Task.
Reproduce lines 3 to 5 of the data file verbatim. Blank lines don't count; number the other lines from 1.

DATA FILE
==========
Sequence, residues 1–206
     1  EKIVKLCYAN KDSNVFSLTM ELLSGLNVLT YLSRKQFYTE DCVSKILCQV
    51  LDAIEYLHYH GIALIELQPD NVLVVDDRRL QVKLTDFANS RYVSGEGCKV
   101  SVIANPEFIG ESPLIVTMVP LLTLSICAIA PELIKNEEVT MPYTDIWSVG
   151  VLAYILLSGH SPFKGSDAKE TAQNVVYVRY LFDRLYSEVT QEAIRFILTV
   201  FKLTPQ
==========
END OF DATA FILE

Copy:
    51  LDAIEYLHYH GIALIELQPD NVLVVDDRRL QVKLTDFANS RYVSGEGCKV
   101  SVIANPEFIG ESPLIVTMVP LLTLSICAIA PELIKNEEVT MPYTDIWSVG
   151  VLAYILLSGH SPFKGSDAKE TAQNVVYVRY LFDRLYSEVT QEAIRFILTV